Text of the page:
Monthly Archive: October 2015

7

The Culture That Invented A Phone 1,200 Years Ago

The Chimu civilization of northern Peru was conquered by the Inca around 1470, but it left behind some intriguing traces of the thriving society it once was. In spite of having no written language and no way to draw blueprints and plans, they successfully built a city of more than 10,000 buildings and nine palaces, using a system of canals 80 kilometers (50 mi) long to irrigate the desert with water flowing through a northern river. They also invented a rudimentary telephone, a simple system of two gourds with a long piece of cotton twine stretched between them, with hide membranes used in the receivers.

2,436

How An Ex-Nazi Helped Desegregate Alabama

Most people know Wernher von Braun as the designer of the V-2 rocket, the director of the Marshall Space Flight Center, and the ex-Nazi who helped the US get to the moon with Apollo 11. While the media has highlighted his controversial past in recent decades, few people know about his role in supporting civil rights for black people and his advocacy in ending segregation in Alabama. While there could be multiple reasons for the position that he took in the 1950s and 1960s, his efforts contributed positively to the divisive atmosphere of Alabama in the civil rights era.

2

John Huston’s Fake Documentaries Of World War II

If you’re a fan of classic films, then you’re probably a fan of John Huston. He’s the guy behind movies like The Maltese Falcon, and during World War II, he directed several memorable war documentaries. Only as it turns out, a few of Huston’s war docs were actually fakes.

2

Uranus Had A Different Name For 70 Years

The name of Uranus is probably the first science joke any of us learned. That wasn’t always its name, though. It wasn’t firmly established for 70 years after its discovery. William Herschel originally proposed naming the planet “Georgium Sidus” (“George’s Star”) after King George III. The name was even acknowledged by the Crown, getting Herschel an appointment as the king’s own astronomer. But many weren’t happy with the deviation from the naming traditions that had been set in place, and by 1850, Uranus (properly pronounced YOOR-un-us) was re-named.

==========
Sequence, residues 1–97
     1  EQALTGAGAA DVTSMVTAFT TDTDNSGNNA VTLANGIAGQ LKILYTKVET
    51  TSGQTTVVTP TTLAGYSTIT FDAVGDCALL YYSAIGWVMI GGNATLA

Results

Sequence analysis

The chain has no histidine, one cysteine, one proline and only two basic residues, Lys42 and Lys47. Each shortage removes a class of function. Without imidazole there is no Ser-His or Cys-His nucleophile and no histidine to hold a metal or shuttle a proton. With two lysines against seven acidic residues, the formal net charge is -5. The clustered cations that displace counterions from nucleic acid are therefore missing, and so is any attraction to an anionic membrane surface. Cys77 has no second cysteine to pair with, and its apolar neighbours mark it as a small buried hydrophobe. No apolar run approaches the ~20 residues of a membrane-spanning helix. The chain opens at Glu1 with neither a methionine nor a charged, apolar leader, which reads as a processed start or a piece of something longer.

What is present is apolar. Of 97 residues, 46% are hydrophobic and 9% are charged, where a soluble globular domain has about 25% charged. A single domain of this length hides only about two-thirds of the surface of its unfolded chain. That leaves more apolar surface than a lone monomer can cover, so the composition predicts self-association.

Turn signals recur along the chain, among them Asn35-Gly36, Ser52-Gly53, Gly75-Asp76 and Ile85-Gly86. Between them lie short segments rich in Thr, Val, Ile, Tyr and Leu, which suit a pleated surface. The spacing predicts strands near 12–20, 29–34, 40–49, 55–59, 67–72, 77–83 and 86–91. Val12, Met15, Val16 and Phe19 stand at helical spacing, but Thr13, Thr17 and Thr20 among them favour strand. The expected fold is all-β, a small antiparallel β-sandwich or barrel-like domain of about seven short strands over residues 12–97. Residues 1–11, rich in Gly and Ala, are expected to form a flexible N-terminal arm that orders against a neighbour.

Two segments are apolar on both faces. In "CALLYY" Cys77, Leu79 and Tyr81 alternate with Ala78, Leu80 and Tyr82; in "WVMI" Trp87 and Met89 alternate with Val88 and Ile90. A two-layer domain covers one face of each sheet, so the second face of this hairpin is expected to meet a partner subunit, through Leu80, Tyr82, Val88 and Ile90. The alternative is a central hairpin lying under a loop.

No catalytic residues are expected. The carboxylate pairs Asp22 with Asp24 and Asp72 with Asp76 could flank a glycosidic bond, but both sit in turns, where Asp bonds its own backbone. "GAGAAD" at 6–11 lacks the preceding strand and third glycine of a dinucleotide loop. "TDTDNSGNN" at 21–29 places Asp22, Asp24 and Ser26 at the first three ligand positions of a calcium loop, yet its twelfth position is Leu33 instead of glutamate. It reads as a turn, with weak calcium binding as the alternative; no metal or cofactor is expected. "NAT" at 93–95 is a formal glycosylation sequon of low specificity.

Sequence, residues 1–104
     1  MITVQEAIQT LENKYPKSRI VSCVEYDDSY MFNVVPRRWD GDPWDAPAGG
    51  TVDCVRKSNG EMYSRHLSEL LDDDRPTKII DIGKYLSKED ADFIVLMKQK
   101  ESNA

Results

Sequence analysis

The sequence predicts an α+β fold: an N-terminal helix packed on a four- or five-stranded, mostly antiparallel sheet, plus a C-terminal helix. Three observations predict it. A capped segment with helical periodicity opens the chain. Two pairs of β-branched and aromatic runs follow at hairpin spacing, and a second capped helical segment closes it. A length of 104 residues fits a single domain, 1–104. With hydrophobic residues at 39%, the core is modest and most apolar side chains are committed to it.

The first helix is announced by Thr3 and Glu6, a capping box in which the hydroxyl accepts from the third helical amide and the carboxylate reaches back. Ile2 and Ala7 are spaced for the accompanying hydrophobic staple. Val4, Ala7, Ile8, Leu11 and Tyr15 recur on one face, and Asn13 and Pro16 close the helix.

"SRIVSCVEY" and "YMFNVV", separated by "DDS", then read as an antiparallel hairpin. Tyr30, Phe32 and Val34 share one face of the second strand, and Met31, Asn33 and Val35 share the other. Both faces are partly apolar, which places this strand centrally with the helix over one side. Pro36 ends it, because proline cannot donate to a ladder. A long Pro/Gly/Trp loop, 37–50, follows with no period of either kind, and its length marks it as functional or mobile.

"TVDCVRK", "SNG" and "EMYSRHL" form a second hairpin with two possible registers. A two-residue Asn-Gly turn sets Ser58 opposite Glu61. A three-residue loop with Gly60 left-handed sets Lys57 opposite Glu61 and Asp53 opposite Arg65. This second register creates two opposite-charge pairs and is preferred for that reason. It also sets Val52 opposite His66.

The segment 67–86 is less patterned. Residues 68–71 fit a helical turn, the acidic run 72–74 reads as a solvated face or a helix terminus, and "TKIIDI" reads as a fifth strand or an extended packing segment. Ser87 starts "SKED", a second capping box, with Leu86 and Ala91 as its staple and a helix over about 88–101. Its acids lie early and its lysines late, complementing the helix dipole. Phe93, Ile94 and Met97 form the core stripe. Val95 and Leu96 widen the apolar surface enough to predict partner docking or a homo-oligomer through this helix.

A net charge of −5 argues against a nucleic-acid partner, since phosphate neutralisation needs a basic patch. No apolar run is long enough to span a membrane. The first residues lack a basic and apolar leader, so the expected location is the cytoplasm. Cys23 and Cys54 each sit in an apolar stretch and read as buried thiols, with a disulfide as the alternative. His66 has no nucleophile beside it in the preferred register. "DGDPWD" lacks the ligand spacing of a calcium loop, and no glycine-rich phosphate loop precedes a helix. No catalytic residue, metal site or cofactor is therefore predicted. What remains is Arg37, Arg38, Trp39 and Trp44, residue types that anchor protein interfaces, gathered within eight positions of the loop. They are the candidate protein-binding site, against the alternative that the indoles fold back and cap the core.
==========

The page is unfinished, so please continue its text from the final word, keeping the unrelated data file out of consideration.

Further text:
1

The Odd And Increasingly Popular Theory Of Panspermia

The panspermia theory of life states that everything on our planet developed from life that originated somewhere out in space. For a long time, it’s been something of a fringe theory on how everything got started, but with the discovery of some microorganisms that have demonstrated an ability to survive the conditions they would have been subjected to, it’s passing from the realm of the far-fetched to the realm of the possible. With the advent of new telescopes and a color chart that will help us look for alien life on hundreds of nearby planets, it’s a mystery we may be within reach of solving.

1

The Man Who Could Smell The Weather Forecast

It’s a condition called phantosmia, the experiencing of phantom smells. While most people who suffer from these olfactory hallucinations don’t associate it with any related trigger, Max Livesey says that he can predict the weather with his hallucinations. According to the Smell and Taste Treatment and Research Foundation, it’s not unlikely. A drop in barometric pressure can impact our sense of smell, and for those with smell hallucinations, it can make them even stronger.

371

The Creepy Story Of George White Rogers & The SS Morro Castle

In 1934, over 100 people died when the luxury liner SS Morro Castle caught on fire. No one ever discovered who or what started the blaze, but chances are good it had something to do with George White Rogers. The ship’s chief radio engineer, Rogers was an incredibly creepy character linked to several mysterious fires—and two gory murders.

2

Why Trash In Orbit Could Hurt Our Space Programs

Humanity has managed to launch thousands of satellites into orbit since the space race started, and now we have a bit of a crisis due to lack of proper planning. Many of these satellites are no longer functioning and pose a danger to anyone we send up into space. They can even pose danger to people or objects down on Earth when their orbit eventually decays.

487

The Man Who Walked Across Africa For Love

In 1898, Ewart Grogan set out to make history. He would walk across the entire African continent, from Cape Town to Cairo. Only he wasn’t interested in setting records or becoming a Victorian-era celebrity. Instead, he was walking across Africa for love.

428

How We Might Be Able To Create Our Own Universes

Parallel universes are cool to think about, but they have always seemed so far-fetched. However, cutting-edge physics research has shown that creating a “designer universe” is not only possible, but within the reach of human understanding. Technological barriers need to be overcome, but the theoretical groundwork exists.